Old Photographs Saved From Trash Can ~ #54 Samuel Royalty “Roy” LILLIE 1895-1979

With Memorial Weekend soon coming up I would like to share these old photographs over several days, although not daily, until Memorial Day. Many men and women lost their lives while serving in the military and Memorial Day is when they are remembered. Roy LILLIE was not one of these men, he served in the U.S. military and was a veteran.

On 5 June 1917 when the World War I Draft Registration Card was filled out Samuel Royalty LILLIE was 22 and still working for his father on the home farm in Jefferson Precinct, Pope County, Illinois.

A year later in 1918 at the age of 23 Roy had his picture taken standing in full uniform in Metropolis, Massac County, Illinois. The tall, slender man with grey eyes and dark hair, as he was described on the WWI draft card,  was quite handsome in his uniform. He’d enlisted as a private in the U.S. Army on 31 Aug 1918.

roylilliestandinguniformMore about this collection, how it came to be in my possession,
and links to previous posts in the series can be found here.

Please contact me!
Are you related to a person mentioned in this post? Send an email to
openingdoorsinbrickwalls @ pt.lu or message me on my Facebook page
Opening Doors in Brick Walls.

© 2016, copyright Cathy Meder-Dempsey. All rights reserved.

Old Photographs Saved From Trash Can ~ #53 Samuel Royalty “Roy” LILLIE 1895-1979

With Memorial Weekend soon coming up I would like to share these old photographs over several days, although not daily, until Memorial Day.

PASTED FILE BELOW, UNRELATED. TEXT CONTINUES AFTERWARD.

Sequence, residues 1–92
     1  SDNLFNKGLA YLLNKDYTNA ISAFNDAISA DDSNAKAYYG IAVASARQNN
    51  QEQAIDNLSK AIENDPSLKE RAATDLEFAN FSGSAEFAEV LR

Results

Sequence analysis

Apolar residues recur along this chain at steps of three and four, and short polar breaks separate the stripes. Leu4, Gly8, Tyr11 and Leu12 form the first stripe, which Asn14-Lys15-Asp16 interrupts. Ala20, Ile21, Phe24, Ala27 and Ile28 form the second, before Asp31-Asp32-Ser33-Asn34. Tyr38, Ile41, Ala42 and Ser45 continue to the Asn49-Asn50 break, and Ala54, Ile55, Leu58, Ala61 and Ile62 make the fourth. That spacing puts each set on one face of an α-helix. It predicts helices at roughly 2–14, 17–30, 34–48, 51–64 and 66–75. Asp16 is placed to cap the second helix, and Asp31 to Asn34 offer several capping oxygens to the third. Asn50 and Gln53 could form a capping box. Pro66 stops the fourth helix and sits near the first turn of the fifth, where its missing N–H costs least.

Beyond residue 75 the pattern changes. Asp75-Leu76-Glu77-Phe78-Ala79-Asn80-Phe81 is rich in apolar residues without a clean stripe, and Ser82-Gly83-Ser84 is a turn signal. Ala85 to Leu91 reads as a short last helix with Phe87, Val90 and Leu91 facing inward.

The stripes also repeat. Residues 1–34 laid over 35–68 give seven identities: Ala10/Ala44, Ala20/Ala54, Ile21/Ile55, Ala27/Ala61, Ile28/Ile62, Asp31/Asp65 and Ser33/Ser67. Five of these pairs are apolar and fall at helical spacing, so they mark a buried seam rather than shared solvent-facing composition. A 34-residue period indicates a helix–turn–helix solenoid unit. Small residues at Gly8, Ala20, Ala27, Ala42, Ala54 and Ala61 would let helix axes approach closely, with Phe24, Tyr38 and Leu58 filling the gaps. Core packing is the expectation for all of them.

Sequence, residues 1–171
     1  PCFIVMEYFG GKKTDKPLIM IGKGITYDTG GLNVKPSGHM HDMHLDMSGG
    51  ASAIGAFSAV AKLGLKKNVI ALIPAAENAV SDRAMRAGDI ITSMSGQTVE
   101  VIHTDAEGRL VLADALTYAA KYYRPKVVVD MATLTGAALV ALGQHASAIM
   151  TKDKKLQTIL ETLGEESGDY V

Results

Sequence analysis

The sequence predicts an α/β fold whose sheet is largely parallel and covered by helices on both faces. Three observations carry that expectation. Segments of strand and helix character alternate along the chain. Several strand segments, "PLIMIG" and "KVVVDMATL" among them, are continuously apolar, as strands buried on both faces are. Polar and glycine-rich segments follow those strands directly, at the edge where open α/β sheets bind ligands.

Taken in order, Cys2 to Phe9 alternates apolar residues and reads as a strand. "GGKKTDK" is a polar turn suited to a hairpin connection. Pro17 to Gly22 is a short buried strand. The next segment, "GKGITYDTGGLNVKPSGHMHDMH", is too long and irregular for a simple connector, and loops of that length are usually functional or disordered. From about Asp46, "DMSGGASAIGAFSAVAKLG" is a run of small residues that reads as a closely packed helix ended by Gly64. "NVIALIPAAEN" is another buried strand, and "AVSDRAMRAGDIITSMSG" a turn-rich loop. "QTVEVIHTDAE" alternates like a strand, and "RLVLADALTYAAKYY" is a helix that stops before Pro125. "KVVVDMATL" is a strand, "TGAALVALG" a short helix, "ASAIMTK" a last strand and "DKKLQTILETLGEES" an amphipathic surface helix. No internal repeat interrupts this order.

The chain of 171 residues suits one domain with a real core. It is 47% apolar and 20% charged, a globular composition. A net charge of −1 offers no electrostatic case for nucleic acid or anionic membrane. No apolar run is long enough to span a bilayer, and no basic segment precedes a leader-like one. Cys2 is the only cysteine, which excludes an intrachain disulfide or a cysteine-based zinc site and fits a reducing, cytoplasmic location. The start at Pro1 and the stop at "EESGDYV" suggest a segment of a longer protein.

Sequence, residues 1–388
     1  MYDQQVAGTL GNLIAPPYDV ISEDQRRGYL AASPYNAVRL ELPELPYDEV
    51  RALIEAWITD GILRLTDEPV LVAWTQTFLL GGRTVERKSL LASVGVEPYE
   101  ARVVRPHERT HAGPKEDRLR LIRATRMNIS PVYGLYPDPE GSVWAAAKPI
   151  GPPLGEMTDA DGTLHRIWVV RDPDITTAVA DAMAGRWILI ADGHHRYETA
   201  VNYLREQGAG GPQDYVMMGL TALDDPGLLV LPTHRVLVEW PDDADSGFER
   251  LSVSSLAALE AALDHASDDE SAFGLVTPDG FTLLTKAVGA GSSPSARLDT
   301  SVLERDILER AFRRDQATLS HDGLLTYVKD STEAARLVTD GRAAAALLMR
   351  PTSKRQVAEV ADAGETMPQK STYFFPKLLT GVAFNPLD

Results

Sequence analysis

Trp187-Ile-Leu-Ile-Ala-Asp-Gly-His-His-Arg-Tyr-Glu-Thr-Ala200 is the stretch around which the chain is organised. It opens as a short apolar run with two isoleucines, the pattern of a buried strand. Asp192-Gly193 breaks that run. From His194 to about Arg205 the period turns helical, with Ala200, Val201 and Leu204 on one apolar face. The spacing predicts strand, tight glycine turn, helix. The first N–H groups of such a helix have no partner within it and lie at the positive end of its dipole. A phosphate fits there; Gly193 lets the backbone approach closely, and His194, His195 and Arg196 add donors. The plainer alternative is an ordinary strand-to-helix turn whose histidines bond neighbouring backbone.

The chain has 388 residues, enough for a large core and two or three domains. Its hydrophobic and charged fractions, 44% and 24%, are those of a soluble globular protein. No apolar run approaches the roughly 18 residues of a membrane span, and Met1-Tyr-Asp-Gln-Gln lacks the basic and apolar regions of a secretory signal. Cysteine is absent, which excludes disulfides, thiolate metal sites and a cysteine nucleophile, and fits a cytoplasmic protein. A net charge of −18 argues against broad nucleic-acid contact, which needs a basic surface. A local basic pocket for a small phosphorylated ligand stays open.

We begin with a very young Samuel Royalty “Roy” LILLIE, son of Isaac Spencer “Ike” LILLIE and Florence ROYALTY. He was born 30 May 1895 in Azotus, Pope County, Illinois. In 1900 he was living with his parents and older brother Reese Gentry LILLIE in Jefferson Precinct in Pope County. His father owned the farm he worked. By 1910 the family had increased with the births of Raymond, Ruth and Ruby. Roy (14) and his brother Reese (17) were laborers on the home farm. Both of the boys could read and write but only Roy attended school after 1 September 1909.

This photograph was likely taken in the early 1910s soon after Roy finished school.

youngroylillieca1915Other photographs of Samuel Royalty LILLIE:
#53 Samuel Royalty “Roy” LILLIE 1895-1979 (young Roy)
#54 Samuel Royalty “Roy” LILLIE 1895-1979 (in uniform)
#55 Samuel Royalty “Roy” LILLIE 1895-1979
(portrait with hat)
#56 Samuel Royalty “Roy” LILLIE 1895-1979 (in uniform with rifle)
#57 Samuel Royalty “Roy” LILLIE 1895-1979 (barber staff)
#58 Samuel Royalty “Roy” LILLIE 1895-1979 (Liberty trucks)
#59 Samuel Royalty “Roy” LILLIE 1895-1979 (in New Orleans)
#61 Bartender and Owner of Brazell’s Bar in Detroit (1939)
#62 Samuel Roy LILLIE and his Retirement Plaque (1960)
#63 Taking a Walk in Detroit (1930s)

#64 Brother and Sister in 1950

More about this collection, how it came to be in my possession,
and links to previous posts in the series can be found here.

Please contact me!
Are you related to a person mentioned in this post? Send an email to